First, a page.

Maurice Camyré


Maurice Camyré

Born: March 10, 1915 (St. Vital, Manitoba)
Died: January 15, 2013 (Winnipeg)

Member: Canadian Boxing Hall of Fame (1977)


A left-handed fighter and a teamster by trade, Maurice Camyré won the Dominion amateur welterweight championship in 1935.

The Manitoba boxer still held the crown when he won a spot on the small Canadian team at the 1936 Olympics at Berlin. He was eliminated from the tournament after losing his only bout by a decision.

The boxer was born in St. Vital, Man., now part of Winnipeg, to Agnes Rose (née Genthon) and Maurice Joseph Camyré. He learned to fight at the local Eagle Club inside a converted store before moving in 1932 to the Eclipse Club, which raised a modest sum in the midst of the Depression to supplement his meagre Olympic allowance.

Camyré, whose name was often rendered in newspaper accounts as Camyree, made his first national championship challenge in 1933, when he was outpointed by Paul Frederickson, also from Winnipeg, at the Amphitheatre. “There was little to choose between the two mitt-men,” the Winnipeg Free Press reported.

Frederickson, who had been an alternate for Canada at the 1932 Games, offered his crosstown rival another shot.

“He said he would give me a rematch,” Camyré told the Free Press in 1977. “He did, but he beat me even worse.” 

The 1935 Canadian amateur championships were held in Edmonton over two days in late May. Camyré won his preliminary bout over Donald Carmichael of Stony Plain, Alta. His hometown newspaper reported Camyré was “in better condition and making the most of it,” adding “both were willing but towards the finish the St. Vital boxer had a wide edge.”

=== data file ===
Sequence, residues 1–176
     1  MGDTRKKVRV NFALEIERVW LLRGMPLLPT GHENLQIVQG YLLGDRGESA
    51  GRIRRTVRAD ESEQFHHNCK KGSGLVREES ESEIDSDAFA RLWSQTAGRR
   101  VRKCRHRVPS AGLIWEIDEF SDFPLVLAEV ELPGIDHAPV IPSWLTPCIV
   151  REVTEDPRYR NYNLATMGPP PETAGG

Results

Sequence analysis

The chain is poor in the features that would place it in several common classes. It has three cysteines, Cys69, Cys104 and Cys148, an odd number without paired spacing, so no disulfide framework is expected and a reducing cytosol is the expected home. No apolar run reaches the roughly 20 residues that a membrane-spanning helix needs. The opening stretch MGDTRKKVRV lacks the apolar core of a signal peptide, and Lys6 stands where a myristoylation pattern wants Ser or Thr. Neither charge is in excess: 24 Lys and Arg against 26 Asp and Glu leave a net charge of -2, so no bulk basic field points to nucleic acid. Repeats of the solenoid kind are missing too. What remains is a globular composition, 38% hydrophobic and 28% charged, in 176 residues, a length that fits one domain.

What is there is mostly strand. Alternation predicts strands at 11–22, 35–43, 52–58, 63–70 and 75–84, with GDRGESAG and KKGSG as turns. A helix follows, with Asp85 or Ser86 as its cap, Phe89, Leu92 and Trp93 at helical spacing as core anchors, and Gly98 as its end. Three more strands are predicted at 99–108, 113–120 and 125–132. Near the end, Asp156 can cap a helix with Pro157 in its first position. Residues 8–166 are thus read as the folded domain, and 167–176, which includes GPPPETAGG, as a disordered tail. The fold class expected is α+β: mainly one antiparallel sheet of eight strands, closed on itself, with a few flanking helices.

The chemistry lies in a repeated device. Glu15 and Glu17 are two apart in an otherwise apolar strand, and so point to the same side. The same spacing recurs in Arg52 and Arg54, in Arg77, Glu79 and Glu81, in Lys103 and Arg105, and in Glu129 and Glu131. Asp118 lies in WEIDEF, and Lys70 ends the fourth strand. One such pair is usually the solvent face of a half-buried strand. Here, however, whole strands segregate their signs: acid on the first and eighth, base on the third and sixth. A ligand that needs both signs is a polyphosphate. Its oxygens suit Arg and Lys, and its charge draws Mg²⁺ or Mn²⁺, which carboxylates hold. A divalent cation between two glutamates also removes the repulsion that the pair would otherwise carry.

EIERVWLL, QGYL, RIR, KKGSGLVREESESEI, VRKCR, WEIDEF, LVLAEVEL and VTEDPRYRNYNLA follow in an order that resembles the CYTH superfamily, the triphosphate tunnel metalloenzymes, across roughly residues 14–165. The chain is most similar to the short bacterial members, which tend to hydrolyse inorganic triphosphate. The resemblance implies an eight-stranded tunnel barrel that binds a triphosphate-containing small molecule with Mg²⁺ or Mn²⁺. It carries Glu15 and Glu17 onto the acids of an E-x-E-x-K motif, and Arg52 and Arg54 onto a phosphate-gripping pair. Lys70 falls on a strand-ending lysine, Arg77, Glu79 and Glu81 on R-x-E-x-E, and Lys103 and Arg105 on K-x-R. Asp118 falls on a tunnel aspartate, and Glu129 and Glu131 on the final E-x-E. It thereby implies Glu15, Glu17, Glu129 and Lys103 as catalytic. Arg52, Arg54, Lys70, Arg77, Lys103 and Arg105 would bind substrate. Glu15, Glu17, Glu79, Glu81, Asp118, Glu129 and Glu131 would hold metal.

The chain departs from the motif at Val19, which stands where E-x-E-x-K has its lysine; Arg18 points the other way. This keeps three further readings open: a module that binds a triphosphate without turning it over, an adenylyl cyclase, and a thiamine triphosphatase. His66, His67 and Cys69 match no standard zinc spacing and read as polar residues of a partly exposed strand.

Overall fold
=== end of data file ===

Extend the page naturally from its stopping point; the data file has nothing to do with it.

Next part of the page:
Camyré next defeated Orville (Fishy) Heron, of Regina, a former Roughriders backfielder and provincial champion. The two victories on the opening day earned him a showdown against Nick Nickelo of Montreal, a 3-to-1 favourite. Nickelo “was outpunched and outgeneraled, and although he was the defending champion, the Winnipeg boy was obviously the superior,” the Free Press reported. Camyré then claimed the title over Gordon Schmalz by a decision. (Schmalz, of Kitchener, Ont., would win the crown the following year and hold it until 1938.)

The fighter was one of four Canadian boxers to do battle against American and British fighters at the first International Golden Gloves contest, held at Yankee Stadium in New York on July 3, 1935. He was joined by Bill Marquart, Winnipeg featherweight; Bob Carrington, a Calgary lightweight and a printer’s devil; and, Walter Franklin, of London, Ont. The quartet held a final workout at Stillman’s Gymnasium three days before the fight. 

About 48,000 fans crowded into the ball park, paying between 40 cents and $4.40, to see the amateur showdowns, some of which were refereed by former world heavyweight champion Gene Tunney.

Camyré won a decision over Pete Caraccilo, a Brooklyn fruit dealer, “in a close-range slugging match that had the rapidly filling stands agog,” the Canadian Press reported. “Things rocked along on pretty even terms until the third (round) when the Canadian uncorked a beautiful left to the head that sent Caraccilo spinning half way across the ring.”

In 1936, the welterweight (up to 147 pounds) champ then beat Schmalz once again to earn a spot on the four-fighter Olympic delegation.

Camyré’s Olympics lasted just the regulation three rounds of a single bout, as he was outpointed by Chester Rutecki of Chicago. (Rutecki would be eliminated by Finland’s Sten Suvio, the welterweight gold medal winner.)

The fighter returned home, to turn professional. He “decisively defeated” Vic Zyicki in a 1937 fight in Detroit, but retired as a fighter that same year after suffering an elbow injury. He worked occasional fights in Winnipeg as a referee. 

In 1941, he became an aircraft technician for Trans-Canada Airlines (later Air Canada), his employer until retirement.

He leaves three daughters, seven grandchildren, three great-grandchildren, and a sister. He was predeceased by three brothers, as well as his wife of 67 years, the former Mary Stewart, known as Polly, who died in 2007. The couple had met at the Eclipse Club.


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